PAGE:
The recent disclosure of President Bush’s secret decision to authorize the National Security Agency to spy on American citizens poses at least four central questions: (1) Is the program lawful? (2) Can the government officials who disclosed the program’s existence to reporters at the New York Times be criminally punished for this act? (3) Can the reporters be compelled to disclose the identities of their sources to a federal grand jury? (4) What can we expect from the Senate Judiciary Committee hearings, private lawsuits, and Vice-President Gore’s call for the appointment of a special counsel?
Much has already been written on the first of these questions. My own view is that the President’s authorization of this program was unlawful and probably unconstitutional. The administration and its defenders, of course, argue the opposite. I want to focus here not on that question, but on the three others. Let’s begin with the assumption that the NSA program is lawful. The Department of Justice has already initiated an investigation of the leak. In the course of this investigation, the DOJ will very likely subpoena the reporters and demand that they reveal their sources. As we have seen in the Valerie Plame/Judith Miller situation, because there is (unfortunately) no federal journalist-source privilege, and because the First Amendment provides only modest protection to the confidentiality of journalist-source relationships, the reporters will be ordered to disclose the information. If they refuse to do so, they will be held in contempt of court and locked away until they cooperate.
Once the DOJ identifies the leakers, it will prosecute them for unlawfully disclosing classified information. On the assumption that the NSA program is lawful, the government will prevail and the leakers will be sentenced to serious prison terms. The government’s argument will be straightforward: The United States is entitled to keep secret practices, policies and information related to the national security. Government employees have no authority or constitutional right to override the government’s judgment by deciding on their own to disclose such secrets to the public. The government will analogize the NSA situation to one in which the government breaks the enemy’s secret code and a government employee then leaks this information to the public and, hence, the enemy. It is, in the familiar phrase, a “slam-dunk.” (Because of the First Amendment, by the way, the New York Times almost certainly cannot be punished for publishing the information, even if the leak was unlawful.)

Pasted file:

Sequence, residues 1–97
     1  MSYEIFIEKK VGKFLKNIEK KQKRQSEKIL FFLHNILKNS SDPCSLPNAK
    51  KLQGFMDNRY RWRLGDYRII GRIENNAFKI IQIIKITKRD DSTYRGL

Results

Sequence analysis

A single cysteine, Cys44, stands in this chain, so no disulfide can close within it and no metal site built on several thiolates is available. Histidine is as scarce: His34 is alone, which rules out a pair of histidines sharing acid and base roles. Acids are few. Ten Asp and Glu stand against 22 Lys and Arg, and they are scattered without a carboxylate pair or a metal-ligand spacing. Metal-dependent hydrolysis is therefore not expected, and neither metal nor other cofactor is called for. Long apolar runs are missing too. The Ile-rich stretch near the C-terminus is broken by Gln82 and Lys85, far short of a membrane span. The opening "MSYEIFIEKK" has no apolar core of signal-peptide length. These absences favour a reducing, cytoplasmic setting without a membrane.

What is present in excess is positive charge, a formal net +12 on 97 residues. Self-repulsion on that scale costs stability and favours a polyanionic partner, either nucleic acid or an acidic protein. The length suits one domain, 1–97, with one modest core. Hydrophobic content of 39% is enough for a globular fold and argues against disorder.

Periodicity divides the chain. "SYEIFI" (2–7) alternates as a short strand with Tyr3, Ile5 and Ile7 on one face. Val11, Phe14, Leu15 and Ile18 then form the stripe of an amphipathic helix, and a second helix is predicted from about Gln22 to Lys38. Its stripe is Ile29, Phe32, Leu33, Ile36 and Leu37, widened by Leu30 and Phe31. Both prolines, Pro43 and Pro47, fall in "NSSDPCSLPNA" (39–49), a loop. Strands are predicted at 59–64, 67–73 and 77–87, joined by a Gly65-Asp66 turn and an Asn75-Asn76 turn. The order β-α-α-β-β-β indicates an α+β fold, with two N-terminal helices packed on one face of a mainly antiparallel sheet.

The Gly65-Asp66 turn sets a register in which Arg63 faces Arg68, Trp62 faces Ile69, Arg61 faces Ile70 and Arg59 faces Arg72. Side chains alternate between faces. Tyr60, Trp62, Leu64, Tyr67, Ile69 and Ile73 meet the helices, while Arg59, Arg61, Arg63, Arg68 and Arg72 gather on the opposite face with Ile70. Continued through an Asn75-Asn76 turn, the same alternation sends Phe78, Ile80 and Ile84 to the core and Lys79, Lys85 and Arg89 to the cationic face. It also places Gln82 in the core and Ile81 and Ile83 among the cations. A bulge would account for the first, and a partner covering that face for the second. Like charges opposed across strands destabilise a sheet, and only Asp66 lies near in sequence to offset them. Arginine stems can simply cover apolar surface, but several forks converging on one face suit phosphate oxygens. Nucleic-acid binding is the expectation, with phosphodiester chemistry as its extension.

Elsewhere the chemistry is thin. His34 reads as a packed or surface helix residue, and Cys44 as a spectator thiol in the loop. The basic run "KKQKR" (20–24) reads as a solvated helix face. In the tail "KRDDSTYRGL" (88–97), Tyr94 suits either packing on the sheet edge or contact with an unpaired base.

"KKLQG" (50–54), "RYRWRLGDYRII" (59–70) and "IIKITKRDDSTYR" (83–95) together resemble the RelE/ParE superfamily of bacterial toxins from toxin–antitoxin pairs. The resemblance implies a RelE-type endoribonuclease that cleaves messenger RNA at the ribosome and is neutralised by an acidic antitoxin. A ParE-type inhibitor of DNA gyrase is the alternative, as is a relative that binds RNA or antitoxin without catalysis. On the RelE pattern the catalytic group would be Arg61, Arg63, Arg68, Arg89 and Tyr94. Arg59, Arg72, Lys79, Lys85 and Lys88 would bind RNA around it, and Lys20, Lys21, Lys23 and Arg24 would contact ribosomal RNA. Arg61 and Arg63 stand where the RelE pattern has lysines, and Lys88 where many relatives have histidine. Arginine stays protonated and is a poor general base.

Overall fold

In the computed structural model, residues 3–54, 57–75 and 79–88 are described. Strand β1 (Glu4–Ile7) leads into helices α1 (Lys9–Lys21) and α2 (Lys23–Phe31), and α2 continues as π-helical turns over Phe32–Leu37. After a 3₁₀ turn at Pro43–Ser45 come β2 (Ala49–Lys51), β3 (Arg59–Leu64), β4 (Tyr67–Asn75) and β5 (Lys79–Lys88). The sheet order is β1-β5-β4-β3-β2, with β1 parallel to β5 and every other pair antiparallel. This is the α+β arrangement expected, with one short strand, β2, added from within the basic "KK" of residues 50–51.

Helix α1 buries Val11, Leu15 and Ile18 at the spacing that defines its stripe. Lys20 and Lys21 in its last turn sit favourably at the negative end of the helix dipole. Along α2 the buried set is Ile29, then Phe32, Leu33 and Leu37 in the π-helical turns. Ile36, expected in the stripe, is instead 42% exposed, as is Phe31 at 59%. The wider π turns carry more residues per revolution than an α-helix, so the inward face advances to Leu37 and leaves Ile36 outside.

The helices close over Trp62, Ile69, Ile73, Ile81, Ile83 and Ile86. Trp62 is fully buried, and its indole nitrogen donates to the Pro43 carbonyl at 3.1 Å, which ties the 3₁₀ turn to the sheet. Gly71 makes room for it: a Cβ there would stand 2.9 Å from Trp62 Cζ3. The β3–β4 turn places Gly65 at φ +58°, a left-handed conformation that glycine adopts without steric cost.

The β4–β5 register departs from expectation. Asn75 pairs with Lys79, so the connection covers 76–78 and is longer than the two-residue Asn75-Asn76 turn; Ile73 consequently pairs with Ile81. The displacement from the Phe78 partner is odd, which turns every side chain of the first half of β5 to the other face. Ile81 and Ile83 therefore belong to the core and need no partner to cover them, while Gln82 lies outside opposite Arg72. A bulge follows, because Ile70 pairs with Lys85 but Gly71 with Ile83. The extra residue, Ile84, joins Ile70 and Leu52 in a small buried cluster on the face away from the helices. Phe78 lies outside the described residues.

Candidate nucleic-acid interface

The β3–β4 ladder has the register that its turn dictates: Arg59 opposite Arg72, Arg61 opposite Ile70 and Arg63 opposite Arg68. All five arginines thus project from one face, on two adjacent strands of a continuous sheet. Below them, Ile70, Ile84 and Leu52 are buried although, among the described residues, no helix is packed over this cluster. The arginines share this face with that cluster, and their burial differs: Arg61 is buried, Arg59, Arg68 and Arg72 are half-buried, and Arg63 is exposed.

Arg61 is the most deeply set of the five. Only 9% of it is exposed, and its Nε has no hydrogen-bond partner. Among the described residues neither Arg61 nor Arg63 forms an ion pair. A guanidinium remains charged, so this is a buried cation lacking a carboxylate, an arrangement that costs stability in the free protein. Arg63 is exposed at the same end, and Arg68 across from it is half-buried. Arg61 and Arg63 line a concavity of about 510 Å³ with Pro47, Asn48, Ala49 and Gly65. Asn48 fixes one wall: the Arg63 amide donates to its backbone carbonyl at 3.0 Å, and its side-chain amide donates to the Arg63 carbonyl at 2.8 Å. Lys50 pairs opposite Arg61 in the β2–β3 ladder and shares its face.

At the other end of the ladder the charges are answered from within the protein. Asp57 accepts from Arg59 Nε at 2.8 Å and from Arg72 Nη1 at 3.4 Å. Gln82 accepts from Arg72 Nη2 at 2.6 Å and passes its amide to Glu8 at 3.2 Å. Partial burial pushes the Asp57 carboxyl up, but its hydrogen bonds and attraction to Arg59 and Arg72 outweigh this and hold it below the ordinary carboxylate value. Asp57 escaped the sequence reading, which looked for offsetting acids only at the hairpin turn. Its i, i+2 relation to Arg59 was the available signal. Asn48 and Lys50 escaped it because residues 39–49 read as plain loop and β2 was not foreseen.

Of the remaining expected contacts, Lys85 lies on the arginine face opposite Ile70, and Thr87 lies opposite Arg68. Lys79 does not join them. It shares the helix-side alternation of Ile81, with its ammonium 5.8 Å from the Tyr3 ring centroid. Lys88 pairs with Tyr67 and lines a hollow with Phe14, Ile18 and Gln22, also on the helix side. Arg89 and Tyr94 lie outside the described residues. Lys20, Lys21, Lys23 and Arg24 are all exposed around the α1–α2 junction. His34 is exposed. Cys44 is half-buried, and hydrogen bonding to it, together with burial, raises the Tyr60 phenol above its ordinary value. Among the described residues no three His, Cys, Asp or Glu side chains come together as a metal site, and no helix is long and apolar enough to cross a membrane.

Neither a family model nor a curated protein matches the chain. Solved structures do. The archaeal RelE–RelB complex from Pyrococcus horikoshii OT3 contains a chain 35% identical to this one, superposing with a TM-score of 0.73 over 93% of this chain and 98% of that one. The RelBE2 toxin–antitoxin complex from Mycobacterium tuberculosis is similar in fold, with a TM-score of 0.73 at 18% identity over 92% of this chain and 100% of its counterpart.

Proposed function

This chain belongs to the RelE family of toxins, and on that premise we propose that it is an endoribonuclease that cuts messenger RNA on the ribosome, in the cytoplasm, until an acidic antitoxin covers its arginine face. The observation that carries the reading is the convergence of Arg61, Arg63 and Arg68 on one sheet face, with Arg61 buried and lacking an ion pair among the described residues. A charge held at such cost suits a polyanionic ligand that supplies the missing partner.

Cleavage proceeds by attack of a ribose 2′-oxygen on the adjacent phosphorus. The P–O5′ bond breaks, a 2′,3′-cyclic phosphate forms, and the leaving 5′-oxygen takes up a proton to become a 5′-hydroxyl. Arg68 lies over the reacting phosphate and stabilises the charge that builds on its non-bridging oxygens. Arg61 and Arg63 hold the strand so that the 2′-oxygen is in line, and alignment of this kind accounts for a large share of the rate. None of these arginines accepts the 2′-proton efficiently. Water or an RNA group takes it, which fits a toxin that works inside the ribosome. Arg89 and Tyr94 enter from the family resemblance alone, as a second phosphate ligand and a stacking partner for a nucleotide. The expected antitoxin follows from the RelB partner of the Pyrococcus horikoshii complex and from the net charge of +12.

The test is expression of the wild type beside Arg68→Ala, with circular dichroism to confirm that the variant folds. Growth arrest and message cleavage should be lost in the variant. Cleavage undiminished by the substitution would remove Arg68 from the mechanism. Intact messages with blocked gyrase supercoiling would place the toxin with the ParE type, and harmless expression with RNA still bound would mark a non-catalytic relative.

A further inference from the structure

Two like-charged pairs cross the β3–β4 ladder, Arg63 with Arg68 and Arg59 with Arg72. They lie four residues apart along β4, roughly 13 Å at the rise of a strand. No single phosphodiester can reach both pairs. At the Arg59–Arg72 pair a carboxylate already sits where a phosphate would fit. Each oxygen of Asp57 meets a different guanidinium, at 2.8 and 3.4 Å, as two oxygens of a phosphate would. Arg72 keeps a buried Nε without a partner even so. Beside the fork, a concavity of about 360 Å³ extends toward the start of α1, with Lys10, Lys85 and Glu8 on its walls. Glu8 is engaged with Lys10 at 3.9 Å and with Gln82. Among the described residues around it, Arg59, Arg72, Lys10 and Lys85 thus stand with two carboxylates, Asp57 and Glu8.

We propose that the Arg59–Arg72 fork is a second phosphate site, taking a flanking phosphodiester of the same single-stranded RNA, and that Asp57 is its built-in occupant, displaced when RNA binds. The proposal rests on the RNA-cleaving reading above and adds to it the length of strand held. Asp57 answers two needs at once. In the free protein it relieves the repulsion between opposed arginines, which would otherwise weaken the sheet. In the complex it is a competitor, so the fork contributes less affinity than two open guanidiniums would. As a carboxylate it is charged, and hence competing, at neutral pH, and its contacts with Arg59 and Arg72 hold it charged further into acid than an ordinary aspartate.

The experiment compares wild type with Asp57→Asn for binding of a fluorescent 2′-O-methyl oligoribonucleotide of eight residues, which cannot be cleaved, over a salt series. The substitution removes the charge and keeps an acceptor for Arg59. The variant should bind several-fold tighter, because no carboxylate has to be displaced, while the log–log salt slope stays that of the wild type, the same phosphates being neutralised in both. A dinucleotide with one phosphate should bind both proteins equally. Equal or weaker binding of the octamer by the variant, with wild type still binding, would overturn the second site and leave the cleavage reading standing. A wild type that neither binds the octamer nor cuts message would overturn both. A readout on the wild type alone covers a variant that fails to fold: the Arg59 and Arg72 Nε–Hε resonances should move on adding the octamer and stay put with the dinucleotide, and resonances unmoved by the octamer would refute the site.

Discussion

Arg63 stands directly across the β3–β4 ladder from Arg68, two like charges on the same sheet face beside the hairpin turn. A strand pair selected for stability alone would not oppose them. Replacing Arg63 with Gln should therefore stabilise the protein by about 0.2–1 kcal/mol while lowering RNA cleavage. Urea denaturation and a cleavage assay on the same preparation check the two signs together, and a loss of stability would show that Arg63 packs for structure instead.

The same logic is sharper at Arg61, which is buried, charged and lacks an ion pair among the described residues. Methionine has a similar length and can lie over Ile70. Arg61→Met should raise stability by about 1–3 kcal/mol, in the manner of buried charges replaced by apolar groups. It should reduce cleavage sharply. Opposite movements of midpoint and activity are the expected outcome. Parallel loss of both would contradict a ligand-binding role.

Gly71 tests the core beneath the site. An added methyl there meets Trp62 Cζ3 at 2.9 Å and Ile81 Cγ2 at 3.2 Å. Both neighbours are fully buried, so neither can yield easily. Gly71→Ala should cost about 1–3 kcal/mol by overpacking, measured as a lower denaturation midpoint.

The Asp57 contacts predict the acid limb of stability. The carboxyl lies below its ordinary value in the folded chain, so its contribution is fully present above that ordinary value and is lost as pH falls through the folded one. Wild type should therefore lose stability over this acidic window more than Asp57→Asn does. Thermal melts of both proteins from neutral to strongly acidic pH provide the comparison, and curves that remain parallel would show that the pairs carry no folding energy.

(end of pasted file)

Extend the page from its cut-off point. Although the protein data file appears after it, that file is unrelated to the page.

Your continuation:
The alternative assumption is that the President’s authorization of the NSA spy program was in whole or in part unlawful. In this, more likely, situation, the terminology changes: The sources are no longer “leakers” but “whistleblowers.” In this scenario, the whistleblowers are on much stronger ground. Except, perhaps, in the most extraordinary of circumstances, the government cannot constitutionally punish its employees for publicly disclosing the government’s own wrongdoing. The government is, after all, accountable to the public. If a court finds that the President’s authorization of the NSA program was unconstitutional or otherwise unlawful, it will dismiss the charges against the whistleblowers. Moreover, the reporters will not have to disclose the identities of their sources. This is so, not because of any journalist-source privilege, but between there is no crime to investigate. (Whether the journalists can persuade the judge presiding over the grand jury to decide that question at that stage of the investigation will be an intriguing challenge for their lawyers.)